When Childhood Is Rushed

UNDER a brooding sky, the motor of the single-engine airplane roared as the small craft gathered speed and lifted off the runway. It had been a media event, with news coverage, cameras pointing, and reporters asking admiring questions and gushing with compliments. Who was attracting all this attention? Not the only licensed pilot aboard the plane and not the lone passenger​—an adult male—​but, rather, the passenger’s daughter. She was seven years old.

The little girl was to fly the plane. There was a record of some kind to be broken and a tight schedule to be met. The media would be waiting at the next stop. So despite the gloomy weather, the three climbed aboard, with the child sitting on a cushion so that she could see over the instrument panel and using extenders so that her feet could reach the floor pedals.

The flight was all too brief. Facing a sudden storm, the plane veered, stalled, and crashed, killing all three aboard. The media suddenly trumpeted grief instead of praise. A few reporters and editors wondered whether the media had played a role in the tragedy. Many people began to insist that no child should fly a plane. In the United States, laws were enacted to that effect. But behind the sensationalism and simple solutions lurked deeper issues.

That tragedy made some people think seriously about a trend of our times. Children today are being hurried through childhood,  rushed into taking on adult tasks at a very early age. Granted, the effects are not always so dramatic or so tragic. But they can be profound and long lasting. Let us consider a few of the ways in which childhood can be rushed.

Educated in a Hurry

Parents are understandably eager to see their children succeed. But when that eagerness turns into anxiety, parents may overload their children, pushing them too hard, too soon. The process often starts innocently enough. For instance, it is becoming increasingly common for parents to enroll their young children in after-school activities, ranging from sports to lessons in music or ballet. Often, special tutoring is added.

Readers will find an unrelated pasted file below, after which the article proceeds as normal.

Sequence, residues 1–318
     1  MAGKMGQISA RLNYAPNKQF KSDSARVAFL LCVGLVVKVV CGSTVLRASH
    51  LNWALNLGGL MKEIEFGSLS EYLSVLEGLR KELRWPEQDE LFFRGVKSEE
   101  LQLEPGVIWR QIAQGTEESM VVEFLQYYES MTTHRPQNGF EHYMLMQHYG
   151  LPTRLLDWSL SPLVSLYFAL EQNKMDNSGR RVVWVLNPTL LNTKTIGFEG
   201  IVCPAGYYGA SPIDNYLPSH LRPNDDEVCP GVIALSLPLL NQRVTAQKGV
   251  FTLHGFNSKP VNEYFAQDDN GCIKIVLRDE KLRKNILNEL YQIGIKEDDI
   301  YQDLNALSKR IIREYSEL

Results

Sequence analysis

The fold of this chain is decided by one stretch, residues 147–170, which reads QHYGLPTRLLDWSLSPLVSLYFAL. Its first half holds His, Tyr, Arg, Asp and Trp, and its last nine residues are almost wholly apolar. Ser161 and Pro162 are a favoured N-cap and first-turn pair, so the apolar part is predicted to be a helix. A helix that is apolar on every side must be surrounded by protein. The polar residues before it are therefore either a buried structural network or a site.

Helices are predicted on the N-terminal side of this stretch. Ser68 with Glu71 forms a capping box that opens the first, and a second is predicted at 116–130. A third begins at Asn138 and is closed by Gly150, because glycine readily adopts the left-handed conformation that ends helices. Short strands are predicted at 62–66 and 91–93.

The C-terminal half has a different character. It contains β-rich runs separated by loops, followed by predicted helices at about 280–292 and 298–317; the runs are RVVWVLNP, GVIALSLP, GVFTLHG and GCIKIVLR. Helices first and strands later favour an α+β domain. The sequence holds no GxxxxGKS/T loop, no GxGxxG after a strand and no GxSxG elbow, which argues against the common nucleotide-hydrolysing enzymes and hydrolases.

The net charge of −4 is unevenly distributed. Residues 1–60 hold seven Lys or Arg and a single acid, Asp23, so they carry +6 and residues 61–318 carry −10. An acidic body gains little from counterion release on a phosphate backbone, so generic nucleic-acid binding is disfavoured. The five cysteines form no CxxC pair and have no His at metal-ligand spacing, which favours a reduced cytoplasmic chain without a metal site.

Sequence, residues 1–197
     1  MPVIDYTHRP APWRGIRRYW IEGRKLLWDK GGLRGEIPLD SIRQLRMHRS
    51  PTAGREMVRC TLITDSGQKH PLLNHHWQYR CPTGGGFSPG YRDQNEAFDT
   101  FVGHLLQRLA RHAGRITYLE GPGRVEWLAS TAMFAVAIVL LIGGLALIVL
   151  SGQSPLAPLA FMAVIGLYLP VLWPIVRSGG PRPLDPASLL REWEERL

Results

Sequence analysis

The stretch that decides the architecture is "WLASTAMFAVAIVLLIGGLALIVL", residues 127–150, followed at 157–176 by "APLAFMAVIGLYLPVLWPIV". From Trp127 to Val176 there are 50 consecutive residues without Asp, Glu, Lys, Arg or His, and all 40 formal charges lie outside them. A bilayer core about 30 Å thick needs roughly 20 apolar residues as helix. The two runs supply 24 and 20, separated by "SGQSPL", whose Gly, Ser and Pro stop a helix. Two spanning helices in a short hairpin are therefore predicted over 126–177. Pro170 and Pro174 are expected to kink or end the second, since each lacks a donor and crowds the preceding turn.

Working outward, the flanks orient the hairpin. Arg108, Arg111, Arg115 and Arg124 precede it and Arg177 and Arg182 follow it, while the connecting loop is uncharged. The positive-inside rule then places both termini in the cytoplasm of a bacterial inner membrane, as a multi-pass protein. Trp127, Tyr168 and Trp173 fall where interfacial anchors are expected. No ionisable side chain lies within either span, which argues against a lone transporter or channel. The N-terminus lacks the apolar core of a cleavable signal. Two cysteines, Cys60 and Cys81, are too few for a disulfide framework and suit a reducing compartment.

Of course, it is not wrong to encourage a child’s talents or interests. But is there a danger of excess? Clearly there is when some children seem to have almost as many pressures as harried adults do. Time magazine notes: “Kids who once had childhoods now have curriculums; kids who ought to move with the lunatic energy of youth now move with the high purpose of the worker bee.”

Some parents hope that their young children might launch careers as athletic, musical, or acting prodigies. Before their children are born, parents are already enrolling them in preschool, hoping to improve their prospects of success. In addition, some mothers enroll in “prenatal universities” that offer music education for babies still in the womb. The aim is to stimulate their developing brains.

In some countries children are assessed for reading and math skills before they are six years old. Such practices have raised concerns about emotional damage. What happens, for example, to a child who “fails” kindergarten? David Elkind, author of the book The Hurried Child, notes that schools tend to label children too quickly and too early. They do so, Elkind argues, for management reasons rather than for reasons related to the effective teaching of children.

Is there a price for pressuring children to become, in effect, competent little adults before their time? Elkind is troubled by the way society has embraced the notion of making children competent to carry adult burdens. He says: “It reflects our tendency to accept the increasing and  unrelenting stresses on today’s young people as ‘normal.’” Indeed, notions of what is normal for children seem to be changing rapidly.

In a Hurry to Win

Many parents seem to think it normal, even advisable, to teach their children that winning is everything​—especially in sports. Olympic medals are an incentive for many children today. In order to bask in the glory of a few moments of victory and to secure a good living in adulthood, some children are driven to rush through or even to forgo their childhood.

Consider female gymnasts. They start at a very young age with rigorous routines that put their tiny bodies under enormous stress. They spend years preparing mentally and physically for the Olympic competitions. Of course, only a few will be winners. Will the losers feel that the end results were worth the sacrifice of much of their youth? In the long run, even the winners may have doubts on that score.

Emotionally, these little girls may be rushed through childhood in a relentless drive to become superstar athletes. But physically their natural development may be hindered by such rigorous training. In some, bone growth is hampered. Eating disorders are common. In a number of cases, puberty is delayed​—even for years. However, many girls today face the opposite problem: the early onset of puberty.​—See the box above.